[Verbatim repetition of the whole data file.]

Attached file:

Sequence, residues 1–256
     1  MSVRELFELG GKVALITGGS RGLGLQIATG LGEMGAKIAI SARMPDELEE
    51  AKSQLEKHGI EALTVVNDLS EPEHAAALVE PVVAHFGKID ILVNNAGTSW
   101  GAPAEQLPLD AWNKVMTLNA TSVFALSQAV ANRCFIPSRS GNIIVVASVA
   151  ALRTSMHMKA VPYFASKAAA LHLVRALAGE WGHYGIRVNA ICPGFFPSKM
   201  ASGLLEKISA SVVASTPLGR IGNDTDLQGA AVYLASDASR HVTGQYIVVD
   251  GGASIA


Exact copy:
Sequence, residues 1–256
     1  MSVRELFELG GKVALITGGS RGLGLQIATG LGEMGAKIAI SARMPDELEE
    51  AKSQLEKHGI EALTVVNDLS EPEHAAALVE PVVAHFGKID ILVNNAGTSW
   101  GAPAEQLPLD AWNKVMTLNA TSVFALSQAV ANRCFIPSRS GNIIVVASVA
   151  ALRTSMHMKA VPYFASKAAA LHLVRALAGE WGHYGIRVNA ICPGFFPSKM
   201  ASGLLEKISA SVVASTPLGR IGNDTDLQGA AVYLASDASR HVTGQYIVVD
   251  GGASIA